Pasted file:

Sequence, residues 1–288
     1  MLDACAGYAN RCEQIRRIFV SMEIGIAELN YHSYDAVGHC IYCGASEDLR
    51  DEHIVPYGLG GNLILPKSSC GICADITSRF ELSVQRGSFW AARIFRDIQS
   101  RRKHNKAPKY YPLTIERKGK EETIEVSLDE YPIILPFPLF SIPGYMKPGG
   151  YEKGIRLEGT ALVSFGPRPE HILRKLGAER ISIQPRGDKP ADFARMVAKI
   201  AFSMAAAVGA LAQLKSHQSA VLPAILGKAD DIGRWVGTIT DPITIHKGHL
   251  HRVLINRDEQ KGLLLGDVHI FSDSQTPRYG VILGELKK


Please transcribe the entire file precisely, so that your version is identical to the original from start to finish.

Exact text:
Sequence, residues 1–288
     1  MLDACAGYAN RCEQIRRIFV SMEIGIAELN YHSYDAVGHC IYCGASEDLR
    51  DEHIVPYGLG GNLILPKSSC GICADITSRF ELSVQRGSFW AARIFRDIQS
   101  RRKHNKAPKY YPLTIERKGK EETIEVSLDE YPIILPFPLF SIPGYMKPGG
   151  YEKGIRLEGT ALVSFGPRPE HILRKLGAER ISIQPRGDKP ADFARMVAKI
   201  AFSMAAAVGA LAQLKSHQSA VLPAILGKAD DIGRWVGTIT DPITIHKGHL
   251  HRVLINRDEQ KGLLLGDVHI FSDSQTPRYG VILGELKK